Senate majority ready to talk about transportation funding package

  • By Jerry Cornfield
  • Thursday, August 8, 2013 10:02am
  • Local News

As expected, the Senate Majority Coalition Caucus today announced plans to hold hearings on ways to raise billions of dollars for transportation improvements and reform how the state spends its money on road projects.

Sen. Curtis King, R-Yakima, co-chairman of the Senate Transportation Committee, today called for seven public meetings around the state at which residents and civic leaders can tell lawmakers where new money should be spent and policies they think need to be changed.

“In order to pass a transportation package of any substance there will likely be a need for additional revenue to pay for projects,” King said in a statement. “But before we go to the people asking for more money, the state needs to prove that it’s already stretching every dollar it has. We’ve compiled a list of ten reforms that could be implemented to save millions of dollars with minimal impact to other areas of the budget, and it’s our intention to discuss those ideas with (Department of Transportation) and the public at these meetings.”

King wrote Secretary of Transportation Lynn Peterson suggesting a schedule of meetings starting Sept. 18 in Tacoma. Subsequent meetings would be held in Vancouver, Seattle, Everett, Wenatchee, Spokane and Tri-Cities.

King wrote that after the meetings “a final negotiated transportation revenue package and agreed upon reforms would be put into legislative form and introduced in both chambers at the first available opportunity.”

A DOT spokesman said the secretary had received the letter and was reviewing it.

Transportation funding was one of the most debated issues in the regular session and two special sessions this year. House Democrats drew up a $10 billion funding package and finally passed it at the end of the second special session. It never came up for a vote in the Senate which is controlled by a coalition of 23 Republicans and two Democrats.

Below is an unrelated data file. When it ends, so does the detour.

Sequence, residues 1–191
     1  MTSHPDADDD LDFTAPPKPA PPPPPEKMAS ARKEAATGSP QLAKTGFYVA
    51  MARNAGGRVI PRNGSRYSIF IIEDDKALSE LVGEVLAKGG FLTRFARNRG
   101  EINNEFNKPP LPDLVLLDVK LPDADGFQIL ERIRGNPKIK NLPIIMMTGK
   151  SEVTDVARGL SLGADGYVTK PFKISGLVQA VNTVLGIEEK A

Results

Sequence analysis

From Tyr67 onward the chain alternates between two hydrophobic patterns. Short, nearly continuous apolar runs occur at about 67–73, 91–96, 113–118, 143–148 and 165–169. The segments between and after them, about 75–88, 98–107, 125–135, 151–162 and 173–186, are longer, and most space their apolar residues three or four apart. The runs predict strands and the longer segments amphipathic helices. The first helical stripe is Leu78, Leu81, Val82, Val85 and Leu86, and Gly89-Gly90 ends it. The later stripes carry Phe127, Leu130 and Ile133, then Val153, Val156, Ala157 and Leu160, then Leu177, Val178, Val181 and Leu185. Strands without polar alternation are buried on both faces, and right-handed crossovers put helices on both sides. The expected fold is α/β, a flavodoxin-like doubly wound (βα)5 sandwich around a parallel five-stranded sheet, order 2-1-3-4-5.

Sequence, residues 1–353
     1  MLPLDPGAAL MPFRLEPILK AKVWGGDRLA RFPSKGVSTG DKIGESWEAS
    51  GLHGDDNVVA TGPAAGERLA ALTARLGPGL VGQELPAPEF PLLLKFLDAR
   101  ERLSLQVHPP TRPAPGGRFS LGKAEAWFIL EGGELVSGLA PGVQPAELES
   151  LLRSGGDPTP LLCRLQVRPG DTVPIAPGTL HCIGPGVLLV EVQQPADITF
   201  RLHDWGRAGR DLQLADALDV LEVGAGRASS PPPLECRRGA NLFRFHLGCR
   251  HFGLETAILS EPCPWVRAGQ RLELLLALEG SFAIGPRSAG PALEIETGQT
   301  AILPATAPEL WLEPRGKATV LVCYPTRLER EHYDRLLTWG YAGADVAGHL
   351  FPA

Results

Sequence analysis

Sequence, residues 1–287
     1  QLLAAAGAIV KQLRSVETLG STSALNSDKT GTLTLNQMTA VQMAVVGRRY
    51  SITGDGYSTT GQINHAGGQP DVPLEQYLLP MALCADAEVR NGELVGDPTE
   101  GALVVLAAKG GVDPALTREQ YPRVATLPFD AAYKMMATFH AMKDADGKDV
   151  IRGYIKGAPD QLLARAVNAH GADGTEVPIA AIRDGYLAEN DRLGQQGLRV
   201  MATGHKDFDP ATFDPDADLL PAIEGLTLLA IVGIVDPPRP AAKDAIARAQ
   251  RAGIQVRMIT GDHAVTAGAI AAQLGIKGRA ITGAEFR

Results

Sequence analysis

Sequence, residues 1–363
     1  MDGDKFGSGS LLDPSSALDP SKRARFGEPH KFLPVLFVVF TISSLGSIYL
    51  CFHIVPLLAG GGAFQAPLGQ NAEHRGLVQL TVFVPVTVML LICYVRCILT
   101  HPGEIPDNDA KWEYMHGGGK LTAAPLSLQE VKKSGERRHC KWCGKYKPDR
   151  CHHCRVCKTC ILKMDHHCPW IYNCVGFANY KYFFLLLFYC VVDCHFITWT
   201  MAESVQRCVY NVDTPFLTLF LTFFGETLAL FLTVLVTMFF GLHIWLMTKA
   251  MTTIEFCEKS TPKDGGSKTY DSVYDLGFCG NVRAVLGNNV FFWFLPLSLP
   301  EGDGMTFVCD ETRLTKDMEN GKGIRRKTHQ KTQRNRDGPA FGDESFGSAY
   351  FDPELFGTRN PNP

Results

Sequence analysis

The coalition is now ready to start the conversation. A key for members is getting serious consideration of 10 reforms including speeding up the permitting process and changing requirements related to prevailing wages.

But Senate Majority Leader Rodney Tom, D-Medina, one of the two Democrats in the coalition, said they are not demanding action on all the reforms before a vote is taken on funding.

He said the coalition is “trying to move this forward and gather information so we can come up with a package that has the buy-in of the public.”

Here is the proposed schedule:

Sept. 18, WSDOT Olympic Region Office in Tacoma

Sept. 24, WSDOT Southwest Region Office in Vancouver

Oct. 1, WSDOT Northwest Region Office in Seattle

Oct. 7, WSDOT Northwest Region Office in Everett (focus on Snohomish County)

Oct. 14, WSDOT North Central Region Office in Wenatchee

Oct. 22, WSDOT Eastern Region Office in Spokane

Oct. 30, WSDOT South Central Region Office meeting in Tri-Cities

More in Local News

Local police join thousands honoring slain Canadian officer

Abbotsford Const. John Davidson was killed Nov. 6 in a shootout with a suspected car thief.

Herald photos of the week

A weekly collection of The Herald’s best images by staff photographers and… Continue reading

No easy exit from Smokey Point shopping complex

There’s just no easy exit on this one. A reader called in… Continue reading

Lynnwood, Marysville, Sultan consider ban on safe injection sites

If approved, they would join Lake Stevens and Snohomish County, which have temporary bans.

City Council OKs initial funding for Smith Avenue parking lot

The site of the former Smith Street Mill is being developed in anticipation of light rail.

Single fingerprint on robbery note leads to arrest

The holdup occurred at a U.S. Bank branch in Lynnwood in June.

Two windsurfers rescued from Port Susan near Kayak Point

The men had failed to return to shore during Sunday’s windstorm.

Yes to turn signal — eventually

Adding a right-turn signal at 112th St. and 7th Ave. is turning out to be a bit more complicated.

Mill Creek councilman no longer lives in city, panel finds

The Canvassing Board determined Sean Kelly is not eligible to vote there.

Most Read